The Lisa Smartt interview was excellent and very important for those involved with care of those in the process of dying. IC nurses, doctors, hospice aids as well as friends and relatives who attend or expect to be involved with an individual who will "pass on" shortly will benefit from listening to last night's "Final Words
" interview and thus it is highly recommended.
The first hour consists of the basic interview with Lisa while the second final hour involves call-in testimonies.
Some of the interesting points gleamed from the interview are:
- Children (particularly ages 2 to 3) seem to be able more so to be connected with the dying in terms of perception. These children seem to have a better ability to perceive apparitions and other phenomena that the dying seem to be perceiving or sensing. Further, such ability seems to diminish as children age.
- Quite often, dying individuals seem to be able to have, so to speak, a foot in each world (ie, this side and the "other side"). Sometimes so that they are able to exchange messages or communication between worlds.
- As such, Lisa speculates from her linguistic analytic experience that the dying process seems to activate or stimulate a region of the brain responsible for mysticism (or one's mystic side or abilities).
- Probably most common is that the dying seem to see that they are being greeted, accompanied or helped by pre-deceased relatives; also angels. It is here that small children often seem to say that they see or perceive them too. (Lisa told how, at the time of death one child watching looked up above the dying individual and exclaimed "look mommy, see all the birds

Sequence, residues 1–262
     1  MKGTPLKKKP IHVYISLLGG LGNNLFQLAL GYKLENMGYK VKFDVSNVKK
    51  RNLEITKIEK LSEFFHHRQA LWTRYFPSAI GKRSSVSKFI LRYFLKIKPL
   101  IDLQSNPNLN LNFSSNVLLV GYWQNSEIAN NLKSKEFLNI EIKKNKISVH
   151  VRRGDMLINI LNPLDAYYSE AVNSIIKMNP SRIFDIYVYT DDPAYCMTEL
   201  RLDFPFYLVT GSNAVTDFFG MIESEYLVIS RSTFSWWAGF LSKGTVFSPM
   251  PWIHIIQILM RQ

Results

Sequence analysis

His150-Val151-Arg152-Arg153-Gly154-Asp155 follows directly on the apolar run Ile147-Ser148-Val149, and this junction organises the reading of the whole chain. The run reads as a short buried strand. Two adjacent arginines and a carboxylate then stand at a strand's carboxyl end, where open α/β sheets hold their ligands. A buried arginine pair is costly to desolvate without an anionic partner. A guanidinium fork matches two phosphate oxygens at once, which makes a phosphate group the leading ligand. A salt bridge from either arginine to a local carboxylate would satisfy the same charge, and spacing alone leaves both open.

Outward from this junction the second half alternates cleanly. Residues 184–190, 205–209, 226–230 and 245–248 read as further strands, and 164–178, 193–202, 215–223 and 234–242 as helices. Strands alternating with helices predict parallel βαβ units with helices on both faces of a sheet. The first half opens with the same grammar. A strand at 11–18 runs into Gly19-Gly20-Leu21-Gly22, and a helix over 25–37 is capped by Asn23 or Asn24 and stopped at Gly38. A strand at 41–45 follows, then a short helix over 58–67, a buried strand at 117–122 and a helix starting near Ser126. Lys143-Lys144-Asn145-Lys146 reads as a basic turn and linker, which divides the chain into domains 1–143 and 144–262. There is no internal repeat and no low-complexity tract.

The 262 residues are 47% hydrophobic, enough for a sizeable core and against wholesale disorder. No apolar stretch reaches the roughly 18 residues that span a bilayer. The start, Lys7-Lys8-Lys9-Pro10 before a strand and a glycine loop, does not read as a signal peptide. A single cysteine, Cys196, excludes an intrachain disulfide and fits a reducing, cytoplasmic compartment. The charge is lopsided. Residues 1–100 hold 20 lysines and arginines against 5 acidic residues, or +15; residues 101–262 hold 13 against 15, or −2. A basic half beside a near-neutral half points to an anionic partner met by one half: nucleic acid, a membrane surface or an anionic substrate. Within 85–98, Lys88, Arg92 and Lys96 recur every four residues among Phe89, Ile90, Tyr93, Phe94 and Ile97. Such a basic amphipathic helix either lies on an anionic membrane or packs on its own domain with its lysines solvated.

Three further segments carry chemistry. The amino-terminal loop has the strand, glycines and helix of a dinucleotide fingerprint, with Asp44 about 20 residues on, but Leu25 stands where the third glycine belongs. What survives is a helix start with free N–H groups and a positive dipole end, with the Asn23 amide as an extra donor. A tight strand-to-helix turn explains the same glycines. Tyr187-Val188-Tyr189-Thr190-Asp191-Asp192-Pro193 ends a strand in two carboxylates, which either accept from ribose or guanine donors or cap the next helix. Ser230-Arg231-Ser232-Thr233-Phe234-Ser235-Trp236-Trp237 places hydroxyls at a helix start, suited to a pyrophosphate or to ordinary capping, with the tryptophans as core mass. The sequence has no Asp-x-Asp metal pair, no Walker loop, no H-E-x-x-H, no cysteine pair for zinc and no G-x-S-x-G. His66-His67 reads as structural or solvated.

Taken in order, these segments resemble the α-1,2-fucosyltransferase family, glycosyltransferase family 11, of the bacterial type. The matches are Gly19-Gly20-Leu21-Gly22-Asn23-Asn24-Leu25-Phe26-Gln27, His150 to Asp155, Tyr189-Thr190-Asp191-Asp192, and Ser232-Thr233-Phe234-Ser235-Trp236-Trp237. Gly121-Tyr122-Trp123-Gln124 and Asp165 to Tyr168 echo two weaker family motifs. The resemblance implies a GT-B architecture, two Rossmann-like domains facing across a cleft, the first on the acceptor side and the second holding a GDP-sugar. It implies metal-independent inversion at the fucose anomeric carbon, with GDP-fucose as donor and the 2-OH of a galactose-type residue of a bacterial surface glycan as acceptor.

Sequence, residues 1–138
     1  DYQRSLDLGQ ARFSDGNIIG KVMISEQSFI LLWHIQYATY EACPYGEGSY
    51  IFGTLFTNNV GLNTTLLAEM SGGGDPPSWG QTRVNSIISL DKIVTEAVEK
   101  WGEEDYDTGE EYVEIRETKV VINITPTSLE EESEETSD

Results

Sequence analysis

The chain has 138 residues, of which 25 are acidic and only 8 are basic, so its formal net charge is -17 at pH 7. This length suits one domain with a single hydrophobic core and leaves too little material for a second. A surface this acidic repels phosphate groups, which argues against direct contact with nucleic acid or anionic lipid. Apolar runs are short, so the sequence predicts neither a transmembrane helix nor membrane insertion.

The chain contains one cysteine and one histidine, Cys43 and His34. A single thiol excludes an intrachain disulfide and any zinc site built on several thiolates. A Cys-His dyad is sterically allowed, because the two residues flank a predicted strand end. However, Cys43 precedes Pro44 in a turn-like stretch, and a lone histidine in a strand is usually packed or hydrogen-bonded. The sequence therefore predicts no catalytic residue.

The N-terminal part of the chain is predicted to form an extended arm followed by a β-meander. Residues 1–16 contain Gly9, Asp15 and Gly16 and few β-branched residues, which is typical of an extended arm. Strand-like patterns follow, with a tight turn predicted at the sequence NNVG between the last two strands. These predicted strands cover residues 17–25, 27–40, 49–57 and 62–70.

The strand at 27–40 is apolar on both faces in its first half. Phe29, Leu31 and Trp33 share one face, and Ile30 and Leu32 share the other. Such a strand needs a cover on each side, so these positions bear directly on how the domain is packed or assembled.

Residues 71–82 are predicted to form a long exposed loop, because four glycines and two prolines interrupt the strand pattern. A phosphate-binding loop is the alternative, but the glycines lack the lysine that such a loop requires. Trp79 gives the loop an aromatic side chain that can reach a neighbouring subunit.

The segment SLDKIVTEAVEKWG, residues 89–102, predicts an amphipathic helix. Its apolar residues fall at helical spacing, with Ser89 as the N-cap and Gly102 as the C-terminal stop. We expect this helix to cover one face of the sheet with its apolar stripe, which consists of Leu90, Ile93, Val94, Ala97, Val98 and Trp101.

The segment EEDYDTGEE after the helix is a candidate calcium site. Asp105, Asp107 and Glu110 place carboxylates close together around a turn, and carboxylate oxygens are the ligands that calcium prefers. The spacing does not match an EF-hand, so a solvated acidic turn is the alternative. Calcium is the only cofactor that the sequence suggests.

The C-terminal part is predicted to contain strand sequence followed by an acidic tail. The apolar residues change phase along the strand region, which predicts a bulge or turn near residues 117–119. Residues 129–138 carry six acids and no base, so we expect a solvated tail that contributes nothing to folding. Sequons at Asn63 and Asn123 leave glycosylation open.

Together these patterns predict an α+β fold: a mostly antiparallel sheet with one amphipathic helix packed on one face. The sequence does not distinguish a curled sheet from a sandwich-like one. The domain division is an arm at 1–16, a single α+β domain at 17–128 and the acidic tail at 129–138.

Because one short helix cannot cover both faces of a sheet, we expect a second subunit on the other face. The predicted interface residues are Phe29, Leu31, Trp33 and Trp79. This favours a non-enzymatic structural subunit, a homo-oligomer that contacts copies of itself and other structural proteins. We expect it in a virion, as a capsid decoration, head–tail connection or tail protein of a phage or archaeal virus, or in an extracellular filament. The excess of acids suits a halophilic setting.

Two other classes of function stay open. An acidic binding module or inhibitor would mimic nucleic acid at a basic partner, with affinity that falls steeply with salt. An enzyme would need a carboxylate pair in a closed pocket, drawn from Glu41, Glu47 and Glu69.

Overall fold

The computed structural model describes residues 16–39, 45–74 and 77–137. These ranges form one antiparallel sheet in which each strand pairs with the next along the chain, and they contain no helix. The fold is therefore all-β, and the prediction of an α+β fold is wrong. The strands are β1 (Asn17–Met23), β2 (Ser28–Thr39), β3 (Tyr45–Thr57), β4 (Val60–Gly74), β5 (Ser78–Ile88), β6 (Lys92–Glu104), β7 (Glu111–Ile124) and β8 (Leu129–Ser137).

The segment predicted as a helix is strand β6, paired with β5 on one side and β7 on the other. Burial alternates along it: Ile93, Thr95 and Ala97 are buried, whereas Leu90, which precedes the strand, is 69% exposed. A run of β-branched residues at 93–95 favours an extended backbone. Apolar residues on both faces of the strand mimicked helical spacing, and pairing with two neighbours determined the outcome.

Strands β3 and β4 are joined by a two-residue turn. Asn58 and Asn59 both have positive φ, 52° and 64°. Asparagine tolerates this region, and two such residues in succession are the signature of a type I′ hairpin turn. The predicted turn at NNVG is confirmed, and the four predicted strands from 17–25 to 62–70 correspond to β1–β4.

". Lisa believes these were angels.)
- Lisa has so far interviewed over 1000 people involving final word reports from dying individuals. Together with reports sent in, she has over 2000 reports with a significant number of them involving dying children.
- Lisa stated that the phenomenon of "passing on" is effectively never a bad experience. One of the most common expressions associated with leaving this world was observed to be an expression of "forgiveness
- Two types of events that are commonly occurring, but are enigmas cited by Lisa are: (1) that at the very final moments a comatose patient will become totally lucid and conversant, and (2) that they are able, even when being in and out of consciousness over many days, to develop a narrated story that is completed at the time of death. In the latter case, the story effectively is one of preparing for a journey (such as waiting for a bus or train to arrive on which they will finally board, then depart for/to the after life world).
Below is the link to the official YouTube C2C post of last night's interviews.
(Listening at least to the first hour of the Lisa Smartt interview is highly recommended.)
The Lisa Smartt "Final Words
" portion beings at 1:16:00
.https://www.youtube.com/watch?v=gZNh-i4g6Nw Below is the official program summary Linguist, educator, and poet, Lisa Smartt, founded the Final Words Project in 2014, an ongoing study devoted to collecting and interpreting the mysterious language at the end of lives. In the latter half, she detailed how a person's end-of-life words often take on an eerie significance, giving tantalizing clues about the ultimate fate of the human soul, and pointing the way to a transcendent world beyond our own. Her interest in this area was sparked by her dying father, who was a skeptic, yet described seeing angels as he grew closer to death. She subsequently studied with Raymond Moody, who coined the term Near Death Experience, and has recently written about "shared death experiences."
One of the commonalities she found in dying people's vocalizations is that they seem to be having conversations with previously deceased relatives. There are also occasions of "terminal lucidity," she reported, when patients are completely unresponsive but then right before dying, they sit up and seem to be glowing, and share words of forgiveness. In one intriguing account, a 22-year old dying of cancer remarked "I know, I know. We agreed on twenty-two years this time." But when his minister asked "Agreed with whom?" the man had already slipped into unconsciousness. The dying may also use non-literal language, and more metaphoric or symbolic phrasing to describe their transitioning or other worldly experiences, she noted.
What LAST words reveal about life, death, and consciousness.http://www.finalwordsproject.org/
Words at the Threshold: What We Say as We're Nearing Deathhttps://www.amazon.com/Words-Threshold-What-Nearing-Death/dp/1608684601/ctoc